The Thomas The Tank Engine Reference David Leitch and Brad Pitt Removed From Bullet Train

Minor spoilers for Bullet Train lie ahead, so read at your own risk.

Bullet Train gifted fans with a very silly, but badass, action story led by Brad Pitt. David Leitch’s latest movie has a lot to offer, but many fans like myself may have really appreciated its various nods to a certain fictional locomotive. The world of Thomas the Tank Engine plays into the film’s bombastic events in very funny, and sweet, ways. While the nods that were present within the finished production were nice enough, it turns out there was one major Thomas reference that was removed. 

In the movie, skilled British assassin Lemon (played delightfully by Brian Tyree Henry) is established as being a major fan of Thomas the Tank Engine. The brutally honest character explains during the movie that the children’s show was instrumental in teaching him how to read people. Some may be kind and cheeky like Thomas, while others might be more unsavory like the devious Diesel. Lemon occasionally classifies people by giving them stickers of the Thomas characters that best align with their demeanors. 

These stickers are nice visual cues that are enough to make one chuckle, especially if they have long loved the Island of Sodor’s little blue engine. But during the Bullet Train premiere, composer Dominic Lewis revealed that the film was meant to have yet another nod to the iconic franchise. Apparently, Lewis was planning to inject a very familiar tune into the score:

There was one moment towards the end of the movie, there’s like an emotional bit between Brad and Brian, between Lemon and Ladybug. … Lemon is obsessed with Thomas the Tank Engine, right, and everyone he meets, he sort of gives them a character from Thomas, whether they’re a Percy or a Gordon, whatever he thinks. And I did this huge emotional version of the Thomas the Tank Engine theme, the British one. Like [Giovanni] Pacini-esque, like operatic, massive.

As someone who grew up loving the franchise, I would’ve been pumped to hear an operatic version of the original Thomas theme song. I can’t even imagine how incredible it would’ve been to hear that music blasting through the IMAX theater during my showing. Alas, Dominic Lewis explained that the idea didn’t get the response he was hoping for:

Because we were doing everything over the equivalent of Zoom, so we weren’t in the room together, so we weren’t in the room together. I thought it was a delay, but it was sort of just like, ‘It’s great. I think maybe we might want to pull back on that. I don’t think it’s quite right for this scene.’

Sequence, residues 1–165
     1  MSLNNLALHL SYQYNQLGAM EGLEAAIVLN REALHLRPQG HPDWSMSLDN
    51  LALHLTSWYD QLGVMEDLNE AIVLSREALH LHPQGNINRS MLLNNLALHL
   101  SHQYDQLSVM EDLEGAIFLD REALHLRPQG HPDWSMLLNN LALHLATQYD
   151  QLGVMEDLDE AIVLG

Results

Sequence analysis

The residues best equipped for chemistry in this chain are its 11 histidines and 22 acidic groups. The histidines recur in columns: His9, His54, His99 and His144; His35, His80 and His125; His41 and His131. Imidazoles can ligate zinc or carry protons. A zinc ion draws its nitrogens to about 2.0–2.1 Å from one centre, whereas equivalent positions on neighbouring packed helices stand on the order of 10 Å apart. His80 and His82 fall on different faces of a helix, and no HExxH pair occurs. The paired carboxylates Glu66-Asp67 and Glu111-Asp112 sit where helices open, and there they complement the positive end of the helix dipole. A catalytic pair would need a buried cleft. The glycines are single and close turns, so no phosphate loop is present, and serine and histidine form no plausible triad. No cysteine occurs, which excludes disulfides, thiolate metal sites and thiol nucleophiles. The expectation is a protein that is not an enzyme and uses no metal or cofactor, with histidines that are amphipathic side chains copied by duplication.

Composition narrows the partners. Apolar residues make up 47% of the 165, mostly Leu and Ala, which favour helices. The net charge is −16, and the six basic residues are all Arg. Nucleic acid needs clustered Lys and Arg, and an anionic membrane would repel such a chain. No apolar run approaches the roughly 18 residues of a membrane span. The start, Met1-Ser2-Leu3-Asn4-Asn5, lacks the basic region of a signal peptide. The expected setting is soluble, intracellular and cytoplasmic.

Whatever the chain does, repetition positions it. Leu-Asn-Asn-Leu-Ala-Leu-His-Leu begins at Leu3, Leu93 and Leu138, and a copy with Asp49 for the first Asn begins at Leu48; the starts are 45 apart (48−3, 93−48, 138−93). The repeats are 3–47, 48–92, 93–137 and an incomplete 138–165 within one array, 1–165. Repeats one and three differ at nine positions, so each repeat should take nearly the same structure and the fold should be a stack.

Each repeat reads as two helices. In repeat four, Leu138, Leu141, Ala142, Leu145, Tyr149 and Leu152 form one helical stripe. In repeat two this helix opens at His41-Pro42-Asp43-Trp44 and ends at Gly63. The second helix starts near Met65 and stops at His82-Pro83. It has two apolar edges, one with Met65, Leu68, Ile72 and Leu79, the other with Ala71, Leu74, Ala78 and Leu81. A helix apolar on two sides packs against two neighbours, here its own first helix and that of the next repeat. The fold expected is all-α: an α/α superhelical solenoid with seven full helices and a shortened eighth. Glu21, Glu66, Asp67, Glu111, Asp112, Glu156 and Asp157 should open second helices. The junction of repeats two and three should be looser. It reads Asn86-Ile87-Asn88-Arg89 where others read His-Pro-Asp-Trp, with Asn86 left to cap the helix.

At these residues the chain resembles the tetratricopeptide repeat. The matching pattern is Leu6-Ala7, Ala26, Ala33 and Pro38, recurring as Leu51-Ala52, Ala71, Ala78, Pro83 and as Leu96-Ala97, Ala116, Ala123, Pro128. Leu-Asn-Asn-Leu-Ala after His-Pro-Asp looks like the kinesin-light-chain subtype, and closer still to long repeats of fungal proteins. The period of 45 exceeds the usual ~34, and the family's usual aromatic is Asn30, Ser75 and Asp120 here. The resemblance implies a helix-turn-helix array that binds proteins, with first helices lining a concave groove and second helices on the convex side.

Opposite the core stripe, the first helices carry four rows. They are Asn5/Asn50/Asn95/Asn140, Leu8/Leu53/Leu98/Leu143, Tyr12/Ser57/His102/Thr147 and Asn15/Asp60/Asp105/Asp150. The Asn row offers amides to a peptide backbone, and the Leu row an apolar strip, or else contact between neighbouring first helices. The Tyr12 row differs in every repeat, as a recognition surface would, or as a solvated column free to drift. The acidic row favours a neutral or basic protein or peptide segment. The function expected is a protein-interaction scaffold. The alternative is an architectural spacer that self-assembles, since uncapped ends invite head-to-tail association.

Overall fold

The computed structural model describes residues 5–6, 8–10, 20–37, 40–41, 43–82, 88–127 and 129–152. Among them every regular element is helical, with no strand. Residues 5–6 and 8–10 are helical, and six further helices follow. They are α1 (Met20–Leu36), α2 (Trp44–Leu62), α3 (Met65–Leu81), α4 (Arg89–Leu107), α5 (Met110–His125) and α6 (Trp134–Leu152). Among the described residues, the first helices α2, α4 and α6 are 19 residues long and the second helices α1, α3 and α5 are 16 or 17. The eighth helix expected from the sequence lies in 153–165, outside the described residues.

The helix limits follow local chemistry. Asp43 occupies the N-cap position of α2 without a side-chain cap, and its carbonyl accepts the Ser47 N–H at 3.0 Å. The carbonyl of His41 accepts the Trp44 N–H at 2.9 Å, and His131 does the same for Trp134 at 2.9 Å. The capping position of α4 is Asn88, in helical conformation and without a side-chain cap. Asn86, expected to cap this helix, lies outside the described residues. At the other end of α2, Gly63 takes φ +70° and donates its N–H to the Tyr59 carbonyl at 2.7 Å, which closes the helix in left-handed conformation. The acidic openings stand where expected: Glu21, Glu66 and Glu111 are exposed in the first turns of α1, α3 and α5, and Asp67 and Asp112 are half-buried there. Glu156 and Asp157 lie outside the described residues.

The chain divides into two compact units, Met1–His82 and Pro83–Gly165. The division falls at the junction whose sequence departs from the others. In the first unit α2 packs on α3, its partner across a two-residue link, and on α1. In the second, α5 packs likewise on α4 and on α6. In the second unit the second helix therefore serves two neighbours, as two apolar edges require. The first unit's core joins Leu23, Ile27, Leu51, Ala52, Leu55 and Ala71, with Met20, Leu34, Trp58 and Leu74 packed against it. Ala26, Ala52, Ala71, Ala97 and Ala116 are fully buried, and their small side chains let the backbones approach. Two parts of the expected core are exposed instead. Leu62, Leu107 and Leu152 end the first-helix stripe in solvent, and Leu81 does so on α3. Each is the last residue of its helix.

Despite that reception, the Fist Fight composer enjoyed his time working on the action thriller and went on to say that his director had “total trust” in what he was doing. From there, he summed the gig up as a “wonderful experience.”

I still can’t help but wonder what his take on the Thomas the Tank Engine theme would’ve sounded like, though. Nevertheless, I won’t turn my nose up at the Thomas nods David Leitch provided. They’re true novelties, especially considering how little big-screen love the Really Useful Engine gets. Personally, I still wouldn’t mind seeing what 9’s Shane Acker would do with a Thomas movie.

But as I muse about the lovable locomotive, Bullet Train has returned to the top of the box office (during what was immediately a slow weekend). Still, don’t let that keep you from seeing the movie, which touts badass action scenes in tight spaces and Brad Pitt’s distractingly “beautiful” blonde locks. I’m not sure many people would’ve imagined that such a movie would provide thrills like these and sprinkle in some Thomas references here and there, but I’m so glad it does.

You can go see the movie now and, if you’ve already screened it, take a look at CinemaBlend’s explanation of Bullet Train’s ending. You can also check out the schedule of new movie releases to stay up on everything else that’s chugging into theaters this year.

Erik Swann
Senior Content Producer

Erik Swann is a Senior Content Producer at CinemaBlend. He began working with the publication in 2020 when he was hired as Weekend Editor. Today, he continues to write, edit and handle social media responsibilities over the weekend. On weekdays, he also writes TV and movie-related news and helps out with editing and social media as needed. He graduated from the University of Maryland, where he received a degree in Broadcast Journalism. After shifting into multi-platform journalism, he started working as a freelance writer and editor before joining CB. Covers superheroes, sci-fi, comedy, and almost anything else in film and TV. He eats more pizza than the Teenage Mutant Ninja Turtles.